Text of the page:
MAKING THE MOST WHEN WORKING FROM HOME
Updated: Nov 30, 2018
SOME PEOPLE FEAR IT, SOME PEOPLE WANT IT, AND SOME PEOPLE SIMPLY DO NOT TRUST IT. LET ME SHARE MY TAKE ON MAKING THE MOST OF A TELECOMMUTING ARRANGEMENT.
Too many workplaces and bosses are overly cautious about productivity when their teams work from home. You can understand how a lack of direct visual oversight may result in questions about what is getting done and when it is being completed. These days a lot of people tend to covet the work from home roles - maybe it is the insane traffic and commute to the office, or making a schedule work with child care, but more and more people find this flexibility a huge perk (even if it is only one or two days a week). So, how do you make it work?
There are a lot of misconceptions about working from home. In my role now, I have the privilege of working out of my house about half of my time (and the other half I spend on the road travelling). I say privilege, because it is! This opportunity is not available to everyone and thankfully my team is led by a results-focused leader who measures results and not the time you clock in and out.
Here are my top tips for making the work from home culture work for you (and your boss).
SET A STANDARD SCHEDULE
Your colleagues need to know when to expect you will be available, so setting a standard schedule that you follow 90% of the time is a good idea. For example, I usually wake up around 7am, I am online by 7:30am and try my best to close my laptop by 5:30pm. Since I work with peers across different time zones, a standard schedule also helps to set boundaries for meetings and "end of day" deadlines (since end of day on the West Coast means something different).
Setting a standard schedule also builds a routine for yourself. While there are times you may need to adjust your working hours, setting boundaries of when you are and are not available is important for those workaholics. If you do not set these boundaries yourself, do not expect someone else to set them for you!
YOU NEED A DOOR AND A WALL!
Not everyone has an extra room for a dedicated home office, but having a space where you are able to close a door is important. Conference calls, performance reviews, difficult conversations, and confidential customer discussions are just a few of the things that will become part of your environment, so make sure you have a space where you can have privacy.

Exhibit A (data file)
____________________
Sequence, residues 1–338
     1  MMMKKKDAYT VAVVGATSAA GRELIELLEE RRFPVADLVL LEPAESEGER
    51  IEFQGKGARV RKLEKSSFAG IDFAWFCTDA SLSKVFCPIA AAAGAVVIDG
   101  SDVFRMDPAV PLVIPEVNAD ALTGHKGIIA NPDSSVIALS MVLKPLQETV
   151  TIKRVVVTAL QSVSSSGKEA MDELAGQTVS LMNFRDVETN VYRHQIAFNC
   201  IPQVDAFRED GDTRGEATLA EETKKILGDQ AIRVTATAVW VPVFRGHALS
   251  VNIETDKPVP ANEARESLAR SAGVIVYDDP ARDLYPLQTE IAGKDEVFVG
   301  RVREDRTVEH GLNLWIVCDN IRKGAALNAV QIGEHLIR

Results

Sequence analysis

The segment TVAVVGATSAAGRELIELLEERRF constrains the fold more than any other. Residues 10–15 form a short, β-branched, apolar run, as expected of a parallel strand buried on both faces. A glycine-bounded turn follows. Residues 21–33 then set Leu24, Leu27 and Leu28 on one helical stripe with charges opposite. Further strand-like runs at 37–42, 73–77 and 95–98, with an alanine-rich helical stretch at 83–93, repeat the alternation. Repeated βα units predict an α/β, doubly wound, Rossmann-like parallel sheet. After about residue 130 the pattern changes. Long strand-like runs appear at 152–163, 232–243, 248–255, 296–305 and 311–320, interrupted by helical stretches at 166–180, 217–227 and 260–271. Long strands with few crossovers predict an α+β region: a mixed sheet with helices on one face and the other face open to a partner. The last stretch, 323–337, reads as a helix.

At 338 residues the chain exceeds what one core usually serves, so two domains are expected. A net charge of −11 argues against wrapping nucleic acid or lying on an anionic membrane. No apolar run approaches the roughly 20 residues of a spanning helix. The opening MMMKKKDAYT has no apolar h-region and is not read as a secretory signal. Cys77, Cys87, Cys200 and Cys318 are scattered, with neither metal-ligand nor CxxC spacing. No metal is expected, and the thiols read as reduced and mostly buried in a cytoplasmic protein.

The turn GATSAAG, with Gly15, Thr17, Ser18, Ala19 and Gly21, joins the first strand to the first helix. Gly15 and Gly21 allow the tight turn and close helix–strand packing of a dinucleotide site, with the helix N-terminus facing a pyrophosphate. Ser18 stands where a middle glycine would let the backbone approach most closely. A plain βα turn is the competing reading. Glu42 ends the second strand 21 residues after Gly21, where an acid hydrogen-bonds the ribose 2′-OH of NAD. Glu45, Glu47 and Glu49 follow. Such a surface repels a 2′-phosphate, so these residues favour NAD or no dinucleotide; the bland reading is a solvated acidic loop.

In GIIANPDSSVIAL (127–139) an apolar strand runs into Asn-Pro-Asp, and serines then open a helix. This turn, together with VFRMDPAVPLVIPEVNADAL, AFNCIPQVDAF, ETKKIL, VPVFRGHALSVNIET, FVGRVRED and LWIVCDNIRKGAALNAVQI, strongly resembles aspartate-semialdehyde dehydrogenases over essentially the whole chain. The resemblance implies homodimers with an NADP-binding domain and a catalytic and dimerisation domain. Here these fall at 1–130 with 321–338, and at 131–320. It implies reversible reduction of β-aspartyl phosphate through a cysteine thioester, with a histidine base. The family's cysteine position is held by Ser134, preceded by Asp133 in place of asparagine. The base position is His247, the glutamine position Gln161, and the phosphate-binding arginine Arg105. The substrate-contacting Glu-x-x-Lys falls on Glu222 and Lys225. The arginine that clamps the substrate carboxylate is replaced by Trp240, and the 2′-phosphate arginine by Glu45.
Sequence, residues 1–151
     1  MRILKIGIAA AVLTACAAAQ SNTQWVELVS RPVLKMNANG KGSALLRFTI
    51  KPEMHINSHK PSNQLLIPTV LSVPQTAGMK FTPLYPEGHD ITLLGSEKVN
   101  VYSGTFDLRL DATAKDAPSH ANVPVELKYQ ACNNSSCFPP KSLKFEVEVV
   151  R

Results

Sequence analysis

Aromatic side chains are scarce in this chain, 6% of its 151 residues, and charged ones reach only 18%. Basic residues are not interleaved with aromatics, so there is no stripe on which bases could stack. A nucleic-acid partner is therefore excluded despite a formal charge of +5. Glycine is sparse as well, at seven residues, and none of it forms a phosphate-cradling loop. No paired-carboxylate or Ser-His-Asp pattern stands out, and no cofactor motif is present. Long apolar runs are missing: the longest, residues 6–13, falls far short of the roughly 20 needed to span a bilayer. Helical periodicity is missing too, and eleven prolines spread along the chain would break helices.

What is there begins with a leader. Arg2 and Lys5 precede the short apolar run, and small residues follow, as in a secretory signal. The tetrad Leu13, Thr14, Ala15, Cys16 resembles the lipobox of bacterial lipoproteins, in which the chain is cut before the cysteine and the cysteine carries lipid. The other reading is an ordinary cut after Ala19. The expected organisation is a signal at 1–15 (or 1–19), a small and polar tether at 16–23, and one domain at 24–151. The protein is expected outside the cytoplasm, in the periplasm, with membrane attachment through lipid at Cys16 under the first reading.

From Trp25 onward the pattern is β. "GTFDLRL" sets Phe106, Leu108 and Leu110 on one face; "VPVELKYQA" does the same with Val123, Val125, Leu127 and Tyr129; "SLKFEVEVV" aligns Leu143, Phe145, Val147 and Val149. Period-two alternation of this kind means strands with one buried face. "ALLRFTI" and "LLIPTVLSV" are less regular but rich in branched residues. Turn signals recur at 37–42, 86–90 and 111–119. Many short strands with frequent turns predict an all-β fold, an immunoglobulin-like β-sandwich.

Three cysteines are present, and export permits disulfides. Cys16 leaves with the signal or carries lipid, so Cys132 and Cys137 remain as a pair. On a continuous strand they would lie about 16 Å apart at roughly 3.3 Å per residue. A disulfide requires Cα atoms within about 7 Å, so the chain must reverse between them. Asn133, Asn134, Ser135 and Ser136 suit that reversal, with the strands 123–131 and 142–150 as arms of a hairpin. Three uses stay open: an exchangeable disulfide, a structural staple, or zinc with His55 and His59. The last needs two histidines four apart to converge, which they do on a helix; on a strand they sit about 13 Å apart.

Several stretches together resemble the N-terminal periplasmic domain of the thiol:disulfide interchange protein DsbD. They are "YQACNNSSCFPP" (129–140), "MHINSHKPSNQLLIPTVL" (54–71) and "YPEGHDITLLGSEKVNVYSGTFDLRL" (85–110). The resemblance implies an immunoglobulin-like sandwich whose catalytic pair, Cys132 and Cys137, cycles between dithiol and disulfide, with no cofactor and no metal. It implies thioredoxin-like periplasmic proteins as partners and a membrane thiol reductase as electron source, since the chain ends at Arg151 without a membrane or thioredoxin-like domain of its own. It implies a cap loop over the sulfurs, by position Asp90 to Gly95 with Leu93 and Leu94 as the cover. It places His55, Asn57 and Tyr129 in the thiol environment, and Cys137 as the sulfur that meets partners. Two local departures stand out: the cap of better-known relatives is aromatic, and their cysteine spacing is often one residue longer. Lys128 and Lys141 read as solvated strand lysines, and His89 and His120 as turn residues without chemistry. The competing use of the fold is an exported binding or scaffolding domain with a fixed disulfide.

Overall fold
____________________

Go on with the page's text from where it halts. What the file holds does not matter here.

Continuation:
Video conferences are quite common with remote teams. Don't fight the video chat, no one looks good on a laptop webcam! Do be conscious of your background though. Your best bet is to pick a plain wall. Even if you work out of your bedroom, face your laptop against a blank wall - your peers do not want to see your bedding.
GET YOUR FAMILY ON BOARD
My husband also splits his time between working from home and being on the road. While this means sometimes we get to have lunch together, it also means potential conflicts when someone is speaking too loudly on the phone (always me...) or entering or leaving the house during the day.
Make sure your family members know what "working from home" really means. For example, turning on the blender at 8am to make your smoothie when the other person is on a call, may not be the best idea and a hand signal may be needed.
MAXIMIZE IN-PERSON TIME
When you are in the office or with your peers, be sure to make the most of it. Take time to connect on a personal level by asking about family, stopping by the water cooler to discuss a new project or meeting the new person who just joined the team.
TAKE ADVANTAGE OF YOUR LOCATION
Be sure to reap the benefits of working from home (and do not feel guilty about it!). I used to rarely made time for even a lunch break when working from home but I realized I was not making the most of my work arrangements and would have to rush around after work to get household basics done.
Just know that it is okay to throw in a load of laundry at 10am between meetings, take a break to zip out to a doctors appointment, or unload the dishwasher while you are watching a webinar. Deliver on the results you need to for your company, and no one will care if you have clean laundry at 2pm (except your family and they will love it!)
I would love to hear how you make working from home work for you!